A redefined ‘church’ will emerge from pandemic
This pandemic will end. Ben Pickett is sure of it.…
OKLAHOMA CITY — There’s tape on the pews.
It’s blue and green, and it tells us where to sit. Blue rows only. We usually end up near the back. Our regular spot is taken when we get there.
We sing with masks. It’s … not great. We can’t pass communion. We bring our own — or we use the “rip-n’-sips” with the bread that I still think is really Styrofoam.
Also not great.
Until recently our Bible class met mostly online. We’re starting to get back together in person now, but the specter of the virus hovers over our gatherings.
I walk a lot — through my neighborhood, around campus. I’ve met a few folks. I listen to God’s word on the AirPods I won at the Evangelical Press Association convention in 2019 … y’know, back when I attended things.
I made it through one of those “Bible in a year” deals. The passage that’s stuck with me came from Ezra, of all places. It’s an Old Testament book that gets passed over a lot. There’s no ark, no giant fish, no crossing the Red Sea. It’s not a prophecy, either. Jesus never quoted from it.
Scholars think it’s the first part of a story that concludes in the book just after it, Nehemiah. (Thank you, Bibleproject.com for that tidbit.) Ezra-Nehemiah is the story of three guys who try to restore Jerusalem in the years after the Babylonian exile.
The first guy is Zerubbabel, who rebuilds the temple. Ezra, a priest, shows up some 60 years later. (He first appears in chapter 7 of the book that bears his name.) Then Nehemiah comes to rebuild the wall.
Back in Ezra chapter 3, when Zerubbabel lays the foundation for the rebuilt temple, there’s a big ceremony to praise the Lord. Many of the Israelites shout for joy. “But many of the older priests, Levites, and other leaders who had seen the first Temple wept aloud,” we read in Ezra 3:12 (New Living Translation).
Maybe these were tears of joy, perhaps? But if you read the prophet Haggai, a contemporary of Zerubbabel, it’s pretty clear what the problem is:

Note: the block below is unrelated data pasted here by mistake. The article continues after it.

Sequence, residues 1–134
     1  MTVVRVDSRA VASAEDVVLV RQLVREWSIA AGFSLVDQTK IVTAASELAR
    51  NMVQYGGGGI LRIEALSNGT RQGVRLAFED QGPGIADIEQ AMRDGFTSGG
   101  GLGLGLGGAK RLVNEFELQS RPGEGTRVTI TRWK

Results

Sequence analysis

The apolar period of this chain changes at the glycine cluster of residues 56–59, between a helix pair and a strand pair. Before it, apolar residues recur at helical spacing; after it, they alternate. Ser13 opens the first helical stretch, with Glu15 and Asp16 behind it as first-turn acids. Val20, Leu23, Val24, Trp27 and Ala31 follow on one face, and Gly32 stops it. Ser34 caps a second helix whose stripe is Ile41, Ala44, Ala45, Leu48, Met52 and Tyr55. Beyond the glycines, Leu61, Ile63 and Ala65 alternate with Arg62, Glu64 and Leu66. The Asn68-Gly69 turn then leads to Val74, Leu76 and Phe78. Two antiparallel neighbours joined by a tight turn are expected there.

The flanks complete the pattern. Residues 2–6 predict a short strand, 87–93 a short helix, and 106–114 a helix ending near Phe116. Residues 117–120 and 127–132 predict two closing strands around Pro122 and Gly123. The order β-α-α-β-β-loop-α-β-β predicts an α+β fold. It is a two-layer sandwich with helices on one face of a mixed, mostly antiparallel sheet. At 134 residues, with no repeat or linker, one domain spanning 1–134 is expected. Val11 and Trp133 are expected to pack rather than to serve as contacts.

“Does anyone remember this house — this Temple — in its former splendor? How, in comparison, does it look to you now? It must seem like nothing at all!” (Haggai 2:3)
In other words, there’s tape on the pews.
Keep reading to the end of Nehemiah, and you’ll see that the restoration these three men seek doesn’t really happen. The people neglect the temple, violate the Sabbath and intermarry with nonbelievers. Nehemiah gets so mad he starts beating folks and pulling out their hair! His final words are basically, “Well, God, I tried.”
The restoration fails because the people’s hearts aren’t right.
And here we are in 2021, crawling back from our exile of isolation in fits and starts. I lament what I fear we’ve lost and gnash my teeth for what I can’t yet reclaim.
I need to stop looking back, lest I become a pillar of salt. I pray for a new heart, the heart that God’s people needed back in Zerubbabel’s day.
I pray for a new heart, the heart that God’s people needed back in Zerubbabel’s day.
No more quarreling over nonsense. No more pulling out each other’s hair.
Thankfully, Haggai also has some words of encouragement: “Be strong, all you people still left in the land. And now get to work, for I am with you.” (Haggai 2:4)
Then God declares that he will “shake all the nations” and fill the Temple with a glory far greater than its past glory. “And in this place,” God promises, “I will bring peace.”
We all know who came next.
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